Saturday, 7 January 2012

Tears, tantrums and making girls do stuff because Jacqueline Wilson says it's good.

I have left the blog sadly neglected this week, as the shock to the system brought about by having to get dressed before 10am again was as much as I could cope with, when coupled with the tasks necessary to hold body and soul together. Obviously I still managed to play Plants vs Zombies quite a lot and drink many large cups of tea. But stringing sentences together at work left me unable to do so at home.

I have cried twice at books this week. Once was at War Horse by Michael Morporgo. Luckily I managed to get through reading the really sad bit to my class before the tears started. I, in fact, only cried because one of the girls cried. It was really an act of solidarity and empathy for her.

The second crying session could probably have been relatively easily avoided. Common sense dictates that if your Mum is dead, and it was the anniversary of her death this week, then you probably shouldn't pick up and read a book called Missing Mummy, (by Rebecca Cobb) aimed at bereaved children, when choosing childrens' books in the library. Not only was I then crying for my missing Mummy; I was also crying for all the poor children the book was written for, and crying for that deep dark worry that lurks in the heart of any person who has ever had children: what if I die before they grow up? So all in all, it was a pretty poor choice. It was a lovely book though; really simply drawn and unpatronising. It wasn't as sad as Michael Rosen's Sad Book which A turns the wrong way round on her shelf because just seeing the actual book makes her cry. But it was aimed at a younger audience, which is pretty heart-breaking when you think about it. So don't.

Anyway, now I've thoroughly depressed everybody, we'll move on to the tantrums. We got Jim by Hilaire Belloc, illustrated by Mini Grey from the library last week. I thought Grey was unlucky not to win the Kate Greenaway medal last year for this brilliant representation of Belloc's cautionary tale. The illustrations are marvellous and the paper engineering is fun, and really adds to the whole reading experience. A and I particularly liked the page with the slices of delicious ham, and chocolate with pink inside. This is no great surprise since when A was two, she used to go to sleep staring at the food pages from You Choose by Nick Sharratt.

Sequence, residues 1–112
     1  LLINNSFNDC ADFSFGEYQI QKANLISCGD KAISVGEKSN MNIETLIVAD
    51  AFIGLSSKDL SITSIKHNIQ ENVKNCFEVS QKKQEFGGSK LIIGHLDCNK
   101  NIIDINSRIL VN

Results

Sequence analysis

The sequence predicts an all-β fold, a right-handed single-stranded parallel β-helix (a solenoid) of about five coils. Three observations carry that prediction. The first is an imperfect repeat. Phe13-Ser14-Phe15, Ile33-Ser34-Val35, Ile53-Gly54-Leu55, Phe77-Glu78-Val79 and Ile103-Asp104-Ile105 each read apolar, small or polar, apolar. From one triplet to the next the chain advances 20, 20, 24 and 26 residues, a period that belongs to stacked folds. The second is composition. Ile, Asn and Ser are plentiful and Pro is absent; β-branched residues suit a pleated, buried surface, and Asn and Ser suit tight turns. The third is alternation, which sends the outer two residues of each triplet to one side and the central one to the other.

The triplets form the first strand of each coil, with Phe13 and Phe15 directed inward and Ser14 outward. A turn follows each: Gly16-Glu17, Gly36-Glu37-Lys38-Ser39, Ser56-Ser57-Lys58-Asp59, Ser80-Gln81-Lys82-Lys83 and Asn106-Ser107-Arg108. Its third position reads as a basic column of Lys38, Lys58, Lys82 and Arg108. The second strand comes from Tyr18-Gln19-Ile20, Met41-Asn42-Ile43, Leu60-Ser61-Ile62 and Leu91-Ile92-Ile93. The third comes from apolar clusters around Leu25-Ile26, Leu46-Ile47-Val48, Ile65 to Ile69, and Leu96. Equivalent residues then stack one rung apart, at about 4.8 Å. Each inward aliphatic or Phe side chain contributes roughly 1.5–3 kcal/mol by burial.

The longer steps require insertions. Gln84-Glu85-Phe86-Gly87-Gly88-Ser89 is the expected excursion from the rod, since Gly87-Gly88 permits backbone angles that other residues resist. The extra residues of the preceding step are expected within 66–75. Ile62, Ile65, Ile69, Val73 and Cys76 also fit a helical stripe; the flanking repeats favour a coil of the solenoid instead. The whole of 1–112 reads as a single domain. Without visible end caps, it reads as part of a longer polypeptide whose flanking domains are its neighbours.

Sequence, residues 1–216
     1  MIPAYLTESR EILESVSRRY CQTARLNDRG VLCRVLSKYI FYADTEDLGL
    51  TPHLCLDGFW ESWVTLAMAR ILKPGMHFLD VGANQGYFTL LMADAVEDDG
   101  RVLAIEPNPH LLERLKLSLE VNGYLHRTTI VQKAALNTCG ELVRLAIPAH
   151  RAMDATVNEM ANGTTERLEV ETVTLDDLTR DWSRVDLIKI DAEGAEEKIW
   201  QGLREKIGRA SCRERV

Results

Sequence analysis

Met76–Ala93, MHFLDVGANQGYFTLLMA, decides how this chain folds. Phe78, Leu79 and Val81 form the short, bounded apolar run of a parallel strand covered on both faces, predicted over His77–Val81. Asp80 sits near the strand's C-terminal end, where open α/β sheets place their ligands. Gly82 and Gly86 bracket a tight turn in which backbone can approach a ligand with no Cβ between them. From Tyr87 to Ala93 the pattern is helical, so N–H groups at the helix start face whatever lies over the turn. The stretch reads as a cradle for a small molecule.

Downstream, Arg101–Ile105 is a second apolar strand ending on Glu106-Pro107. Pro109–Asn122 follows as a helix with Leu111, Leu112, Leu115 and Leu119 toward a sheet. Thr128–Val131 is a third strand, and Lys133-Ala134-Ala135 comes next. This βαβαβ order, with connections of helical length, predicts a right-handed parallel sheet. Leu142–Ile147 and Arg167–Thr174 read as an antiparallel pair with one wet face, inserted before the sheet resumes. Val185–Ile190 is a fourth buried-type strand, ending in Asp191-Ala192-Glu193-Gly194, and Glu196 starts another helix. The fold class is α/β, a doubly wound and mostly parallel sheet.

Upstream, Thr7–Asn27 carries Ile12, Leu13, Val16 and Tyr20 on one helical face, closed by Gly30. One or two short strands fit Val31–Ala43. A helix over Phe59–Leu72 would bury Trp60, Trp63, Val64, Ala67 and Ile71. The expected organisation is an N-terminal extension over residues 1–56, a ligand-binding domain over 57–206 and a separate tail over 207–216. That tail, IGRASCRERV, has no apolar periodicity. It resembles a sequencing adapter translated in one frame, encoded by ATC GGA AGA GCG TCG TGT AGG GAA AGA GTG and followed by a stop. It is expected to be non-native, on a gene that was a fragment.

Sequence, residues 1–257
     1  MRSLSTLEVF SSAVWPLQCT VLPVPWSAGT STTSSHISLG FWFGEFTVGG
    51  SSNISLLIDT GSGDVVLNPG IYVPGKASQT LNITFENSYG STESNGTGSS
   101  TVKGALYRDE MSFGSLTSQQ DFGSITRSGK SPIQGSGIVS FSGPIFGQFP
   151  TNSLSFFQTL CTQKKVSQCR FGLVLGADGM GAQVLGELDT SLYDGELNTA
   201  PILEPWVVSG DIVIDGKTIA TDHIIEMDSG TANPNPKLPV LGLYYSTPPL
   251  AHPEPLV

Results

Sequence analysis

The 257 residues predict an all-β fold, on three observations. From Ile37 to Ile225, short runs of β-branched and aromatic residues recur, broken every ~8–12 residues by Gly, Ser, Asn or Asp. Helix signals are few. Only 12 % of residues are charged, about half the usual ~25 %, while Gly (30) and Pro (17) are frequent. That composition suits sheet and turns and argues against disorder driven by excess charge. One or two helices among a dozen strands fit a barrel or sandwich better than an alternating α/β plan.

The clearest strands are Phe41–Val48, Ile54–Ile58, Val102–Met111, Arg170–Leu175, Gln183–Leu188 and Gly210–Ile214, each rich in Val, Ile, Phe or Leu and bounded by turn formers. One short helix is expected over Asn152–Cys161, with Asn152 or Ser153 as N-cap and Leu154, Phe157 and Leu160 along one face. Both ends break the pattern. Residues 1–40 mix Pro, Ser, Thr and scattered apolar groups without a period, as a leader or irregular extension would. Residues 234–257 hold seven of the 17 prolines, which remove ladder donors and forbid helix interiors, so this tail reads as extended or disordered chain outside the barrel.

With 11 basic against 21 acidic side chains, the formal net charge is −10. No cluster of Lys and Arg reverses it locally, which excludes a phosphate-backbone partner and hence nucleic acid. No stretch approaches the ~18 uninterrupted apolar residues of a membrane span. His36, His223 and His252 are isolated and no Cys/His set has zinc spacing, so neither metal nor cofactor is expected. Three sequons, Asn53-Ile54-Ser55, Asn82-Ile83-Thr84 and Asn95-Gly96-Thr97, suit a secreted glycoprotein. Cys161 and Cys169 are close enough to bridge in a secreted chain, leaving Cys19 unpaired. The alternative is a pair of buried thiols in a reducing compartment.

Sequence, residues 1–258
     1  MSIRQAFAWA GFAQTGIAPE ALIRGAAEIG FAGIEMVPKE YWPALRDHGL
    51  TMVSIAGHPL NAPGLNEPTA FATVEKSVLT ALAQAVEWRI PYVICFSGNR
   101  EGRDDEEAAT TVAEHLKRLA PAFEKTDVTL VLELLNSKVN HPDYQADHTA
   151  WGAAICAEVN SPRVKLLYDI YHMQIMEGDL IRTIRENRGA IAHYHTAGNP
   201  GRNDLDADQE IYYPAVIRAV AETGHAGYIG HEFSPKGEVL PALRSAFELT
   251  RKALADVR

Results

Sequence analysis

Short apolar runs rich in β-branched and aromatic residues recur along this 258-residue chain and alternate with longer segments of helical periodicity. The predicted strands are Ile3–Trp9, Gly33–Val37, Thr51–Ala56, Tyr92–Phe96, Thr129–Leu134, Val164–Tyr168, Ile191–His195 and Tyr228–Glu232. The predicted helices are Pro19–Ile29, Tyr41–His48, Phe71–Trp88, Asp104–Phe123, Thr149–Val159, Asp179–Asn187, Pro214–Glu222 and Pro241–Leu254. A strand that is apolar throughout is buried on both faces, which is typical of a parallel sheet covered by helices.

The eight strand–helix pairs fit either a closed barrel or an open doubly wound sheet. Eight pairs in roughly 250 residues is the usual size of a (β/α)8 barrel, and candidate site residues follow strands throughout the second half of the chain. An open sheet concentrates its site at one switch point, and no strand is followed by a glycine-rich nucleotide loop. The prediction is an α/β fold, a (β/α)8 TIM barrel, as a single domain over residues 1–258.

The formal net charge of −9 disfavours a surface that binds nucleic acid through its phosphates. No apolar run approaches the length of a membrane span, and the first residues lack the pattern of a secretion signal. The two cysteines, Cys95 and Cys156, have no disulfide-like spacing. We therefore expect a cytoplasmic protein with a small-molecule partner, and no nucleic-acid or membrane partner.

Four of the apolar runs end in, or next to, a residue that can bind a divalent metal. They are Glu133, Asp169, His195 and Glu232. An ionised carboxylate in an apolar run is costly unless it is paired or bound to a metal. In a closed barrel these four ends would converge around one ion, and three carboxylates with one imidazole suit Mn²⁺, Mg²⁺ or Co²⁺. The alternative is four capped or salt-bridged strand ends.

C would have absolutely LOVED this story. However, he was having a great stonker of a tantrum at the time I read it, about Moshi Monsters or similar. Usually a book will bring him out of a tantrum, but this time he seemed utterly enraged by the book. He was particularly cross that "Ponto is a rubbish name for a lion" and declared that Jim was "the most rubbishest book EVER". I don't think this was a particularly well-thought out critique. It's a great picture book for older kids. Not for the over-sensitive of any age though, I would suggest, due to the quite graphic pictures of the lion eating our eponymous anti-hero.

A's obsession with Jacqueline Wilson is growing by the day. Today she had her nose stuck in several of her books, including a poetry anthology chosen by her called Green Glass Beads. This is simply a collection of poems that Wilson likes, and thinks that her readers might like. And A happily reads them. The same poems might well be declared boring if they were in one of my books. But Jackie likes them so they must be good. And to be fair, lots of them are, and there's a good blend of the classic and the more modern.

What I would like to know is when is Jacqueline Wilson going to publish a series of books called Why Learning Times Tables is Really Great, Doing Your Piano Practice Really Pays Off in the Long Run! and Instead of Leaving Dirty Clothes Strewn All Over the Floor, You Could Put Them in the Wash! I live in hope.

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